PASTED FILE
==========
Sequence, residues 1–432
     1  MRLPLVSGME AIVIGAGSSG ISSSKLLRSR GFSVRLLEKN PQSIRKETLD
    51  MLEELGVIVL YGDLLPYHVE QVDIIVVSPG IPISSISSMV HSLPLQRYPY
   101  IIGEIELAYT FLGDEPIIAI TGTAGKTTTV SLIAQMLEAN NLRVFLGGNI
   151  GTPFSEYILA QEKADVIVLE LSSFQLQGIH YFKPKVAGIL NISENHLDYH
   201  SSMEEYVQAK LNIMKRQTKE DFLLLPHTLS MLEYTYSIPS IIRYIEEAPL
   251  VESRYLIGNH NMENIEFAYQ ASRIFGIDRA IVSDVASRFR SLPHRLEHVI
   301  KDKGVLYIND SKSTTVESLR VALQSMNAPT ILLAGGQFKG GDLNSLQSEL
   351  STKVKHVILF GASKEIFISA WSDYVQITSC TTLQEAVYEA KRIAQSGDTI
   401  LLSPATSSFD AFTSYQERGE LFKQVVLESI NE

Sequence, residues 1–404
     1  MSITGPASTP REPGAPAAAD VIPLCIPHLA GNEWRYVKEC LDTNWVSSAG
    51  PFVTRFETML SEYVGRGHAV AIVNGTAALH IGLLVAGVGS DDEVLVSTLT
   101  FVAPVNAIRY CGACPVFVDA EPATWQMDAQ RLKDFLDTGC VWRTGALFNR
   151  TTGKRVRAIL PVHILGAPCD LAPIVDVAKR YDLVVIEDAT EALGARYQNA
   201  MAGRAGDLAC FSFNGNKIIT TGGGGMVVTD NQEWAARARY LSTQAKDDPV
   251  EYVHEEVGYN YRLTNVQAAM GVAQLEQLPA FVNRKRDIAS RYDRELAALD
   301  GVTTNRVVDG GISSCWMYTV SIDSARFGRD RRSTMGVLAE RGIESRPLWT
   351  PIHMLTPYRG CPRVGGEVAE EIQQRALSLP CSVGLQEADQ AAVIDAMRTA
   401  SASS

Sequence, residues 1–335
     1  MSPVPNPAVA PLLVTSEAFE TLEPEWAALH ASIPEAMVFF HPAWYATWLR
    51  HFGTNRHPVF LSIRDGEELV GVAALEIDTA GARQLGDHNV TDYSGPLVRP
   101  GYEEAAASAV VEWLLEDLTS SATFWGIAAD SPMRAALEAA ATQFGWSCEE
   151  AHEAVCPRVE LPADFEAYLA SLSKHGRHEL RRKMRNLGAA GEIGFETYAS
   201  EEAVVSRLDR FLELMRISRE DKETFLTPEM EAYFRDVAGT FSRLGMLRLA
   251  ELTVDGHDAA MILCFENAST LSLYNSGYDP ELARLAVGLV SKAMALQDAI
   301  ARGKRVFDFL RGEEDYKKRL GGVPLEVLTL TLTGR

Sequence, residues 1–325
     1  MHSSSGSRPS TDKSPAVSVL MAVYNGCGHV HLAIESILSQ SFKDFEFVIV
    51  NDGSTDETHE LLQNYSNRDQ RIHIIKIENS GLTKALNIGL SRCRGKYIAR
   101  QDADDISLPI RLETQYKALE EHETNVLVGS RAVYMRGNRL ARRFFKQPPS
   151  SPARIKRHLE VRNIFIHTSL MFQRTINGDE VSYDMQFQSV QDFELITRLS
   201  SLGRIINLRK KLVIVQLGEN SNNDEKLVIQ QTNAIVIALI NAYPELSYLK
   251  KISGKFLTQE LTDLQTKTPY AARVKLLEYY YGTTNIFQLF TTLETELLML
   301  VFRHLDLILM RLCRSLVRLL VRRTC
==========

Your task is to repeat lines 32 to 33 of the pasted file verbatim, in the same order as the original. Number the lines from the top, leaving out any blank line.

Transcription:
   101  QDADDISLPI RLETQYKALE EHETNVLVGS RAVYMRGNRL ARRFFKQPPS
   151  SPARIKRHLE VRNIFIHTSL MFQRTINGDE VSYDMQFQSV QDFELITRLS